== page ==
The trouble with having such an easily identifiable gang of four in a league of their own in English football is that success becomes a matter of beating each other. So routine are the other matches perceived to be that contests between the top four assume the importance of cup finals; fine for Sky Sports, especially when the games are doubled up like today at Stamford Bridge and Old Trafford, but less fun for the managers.
"Can you tell us a big match that you have won?" Chelsea's manager, Avram Grant, was asked on Friday. The clear implication was that beating Manchester City 6-0 when City were third or winning 4-0 at West Ham counts for nothing these days; nor do all those gritty away wins at places such as Blackburn, Middlesbrough, Sunderland and Bolton. Grant, knowing what was behind the question, did not bother mentioning them, or even a 2-1 success at Valencia a fortnight after taking over.
Well aware that since he replaced Jose Mourinho, Chelsea have lost at Manchester United (2-0) and Arsenal (1-0) and been held at home by Liverpool, the best he could do was point to nine wins and four draws in 13 games since losing at the Emi-rates, and offer a reminder that last season Mourinho's team also failed to beat United or Arsenal in four attempts. It is little consolation either that Rafa Benitez's record against his rivals in the big four is so poor: four Premier League wins in 22 attempts.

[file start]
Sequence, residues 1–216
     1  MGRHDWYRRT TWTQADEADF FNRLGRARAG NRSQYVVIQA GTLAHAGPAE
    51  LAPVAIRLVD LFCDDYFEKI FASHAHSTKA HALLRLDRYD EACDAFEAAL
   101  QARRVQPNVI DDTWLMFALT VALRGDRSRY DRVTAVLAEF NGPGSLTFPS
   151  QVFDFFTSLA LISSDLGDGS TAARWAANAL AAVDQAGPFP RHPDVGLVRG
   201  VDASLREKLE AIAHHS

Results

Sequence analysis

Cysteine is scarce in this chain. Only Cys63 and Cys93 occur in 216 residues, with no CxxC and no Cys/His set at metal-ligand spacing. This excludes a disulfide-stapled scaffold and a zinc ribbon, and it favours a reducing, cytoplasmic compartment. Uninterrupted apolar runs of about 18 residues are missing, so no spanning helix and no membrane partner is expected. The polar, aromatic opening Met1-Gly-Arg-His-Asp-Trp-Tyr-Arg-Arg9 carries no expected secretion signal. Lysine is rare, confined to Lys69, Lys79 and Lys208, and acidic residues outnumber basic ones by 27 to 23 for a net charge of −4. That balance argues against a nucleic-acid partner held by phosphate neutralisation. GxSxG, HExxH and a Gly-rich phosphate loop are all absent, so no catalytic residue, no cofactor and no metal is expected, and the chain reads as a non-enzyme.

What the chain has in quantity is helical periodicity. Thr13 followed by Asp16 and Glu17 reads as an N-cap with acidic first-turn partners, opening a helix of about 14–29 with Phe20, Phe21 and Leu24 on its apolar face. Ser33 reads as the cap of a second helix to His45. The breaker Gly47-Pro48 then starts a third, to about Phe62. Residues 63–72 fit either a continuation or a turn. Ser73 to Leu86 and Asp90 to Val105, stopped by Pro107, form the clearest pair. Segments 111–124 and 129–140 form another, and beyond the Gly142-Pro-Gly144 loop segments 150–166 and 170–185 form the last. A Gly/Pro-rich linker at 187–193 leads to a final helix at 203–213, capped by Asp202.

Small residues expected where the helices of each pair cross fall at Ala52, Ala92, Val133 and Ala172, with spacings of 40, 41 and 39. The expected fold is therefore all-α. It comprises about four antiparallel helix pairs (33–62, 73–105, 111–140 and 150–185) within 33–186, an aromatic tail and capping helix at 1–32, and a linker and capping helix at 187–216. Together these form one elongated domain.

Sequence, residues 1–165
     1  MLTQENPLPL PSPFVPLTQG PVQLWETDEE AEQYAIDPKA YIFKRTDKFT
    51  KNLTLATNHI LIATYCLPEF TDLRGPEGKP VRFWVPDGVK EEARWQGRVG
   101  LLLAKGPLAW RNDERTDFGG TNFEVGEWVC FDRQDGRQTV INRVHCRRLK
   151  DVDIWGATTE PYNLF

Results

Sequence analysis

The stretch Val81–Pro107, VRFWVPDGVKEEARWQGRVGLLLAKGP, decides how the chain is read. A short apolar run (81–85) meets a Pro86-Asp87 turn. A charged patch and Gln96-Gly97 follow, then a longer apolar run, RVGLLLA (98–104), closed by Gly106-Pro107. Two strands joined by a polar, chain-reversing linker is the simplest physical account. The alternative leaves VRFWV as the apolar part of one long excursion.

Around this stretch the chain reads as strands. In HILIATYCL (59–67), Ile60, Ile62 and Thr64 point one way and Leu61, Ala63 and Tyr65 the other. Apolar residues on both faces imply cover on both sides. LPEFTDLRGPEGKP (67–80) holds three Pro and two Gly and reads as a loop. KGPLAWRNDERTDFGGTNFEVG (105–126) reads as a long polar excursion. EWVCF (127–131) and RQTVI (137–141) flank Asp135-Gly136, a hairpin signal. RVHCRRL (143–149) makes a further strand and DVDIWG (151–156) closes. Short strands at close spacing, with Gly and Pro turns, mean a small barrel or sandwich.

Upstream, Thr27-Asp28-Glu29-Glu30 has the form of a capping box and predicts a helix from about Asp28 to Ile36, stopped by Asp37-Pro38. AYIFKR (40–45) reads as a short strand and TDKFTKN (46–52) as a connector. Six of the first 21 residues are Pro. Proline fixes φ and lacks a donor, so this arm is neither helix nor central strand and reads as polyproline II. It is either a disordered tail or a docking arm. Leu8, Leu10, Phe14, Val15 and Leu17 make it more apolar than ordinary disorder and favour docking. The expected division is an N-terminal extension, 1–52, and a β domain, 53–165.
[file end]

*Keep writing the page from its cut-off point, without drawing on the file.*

Worse for Chelsea and Grant, he has lost two important cup games, to Tottenham and Barnsley, while the failure to kill off the thrilling game at White Hart Lane last Wednesday after leading 3-1 and 4-3 has forced the club into further denials that he will be sacked this summer.
"Peter Kenyon [Chelsea's chief executive] has made it very clear that nothing is contingent on winning the Champions' League or the Premier League," a spokes-man said. "That's why Avram has a four-year contract."
It is undeniable that his tactics and substitutions were questionable in the two Tottenham games, if less so at Barnsley, where the players simply did not perform. Had they not conceded the late equaliser to Robbie Keane amid the mayhem last Wednesday, before Dimitar Berbatov missed a chance to win the game for Spurs, Chelsea would be level on points with Arsenal going into today'sgame, and only two behind the leaders, United.
That is a position any sup-porter would have been happy with when a lugubrious Grant was introduced to a sceptical media last September, which is why he defends his overall record. He is even smiling more these days, and did so when defending his team's disciplinary record, claiming: "I think we are an exciting team playing good football. I don't think one person would say Chelsea are boring this year. We did a good job until the Carling Cup [final] and it was important to see what happened afterwards. The reaction was very good and we've scored many goals."
There have, indeed, been 15 of them in the subsequent four League games. Against the "wrong" teams, however. The ones that matter now are Ars-enal this afternoon and United, who visit Stamford Bridge late in April. "We intended it to be in our own hands," Grant said. Remarkably, and despite all the criticism, it still is.
Manchester Utd v Liverpool; Premier League, 1.30pm, Sky Sports 1
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